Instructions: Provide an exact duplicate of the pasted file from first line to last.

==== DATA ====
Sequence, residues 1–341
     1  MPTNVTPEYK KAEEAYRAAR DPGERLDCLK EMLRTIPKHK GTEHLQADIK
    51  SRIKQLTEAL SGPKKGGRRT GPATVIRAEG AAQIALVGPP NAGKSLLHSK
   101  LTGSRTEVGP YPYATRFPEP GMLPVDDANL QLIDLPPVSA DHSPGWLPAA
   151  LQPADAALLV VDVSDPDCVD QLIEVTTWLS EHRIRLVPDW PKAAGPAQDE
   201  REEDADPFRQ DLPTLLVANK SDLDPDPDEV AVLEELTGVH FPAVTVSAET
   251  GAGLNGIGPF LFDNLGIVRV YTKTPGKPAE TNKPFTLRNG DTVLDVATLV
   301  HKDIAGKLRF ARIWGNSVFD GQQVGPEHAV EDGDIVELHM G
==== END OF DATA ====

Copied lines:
Sequence, residues 1–341
     1  MPTNVTPEYK KAEEAYRAAR DPGERLDCLK EMLRTIPKHK GTEHLQADIK
    51  SRIKQLTEAL SGPKKGGRRT GPATVIRAEG AAQIALVGPP NAGKSLLHSK
   101  LTGSRTEVGP YPYATRFPEP GMLPVDDANL QLIDLPPVSA DHSPGWLPAA
   151  LQPADAALLV VDVSDPDCVD QLIEVTTWLS EHRIRLVPDW PKAAGPAQDE
   201  REEDADPFRQ DLPTLLVANK SDLDPDPDEV AVLEELTGVH FPAVTVSAET
   251  GAGLNGIGPF LFDNLGIVRV YTKTPGKPAE TNKPFTLRNG DTVLDVATLV
   301  HKDIAGKLRF ARIWGNSVFD GQQVGPEHAV EDGDIVELHM G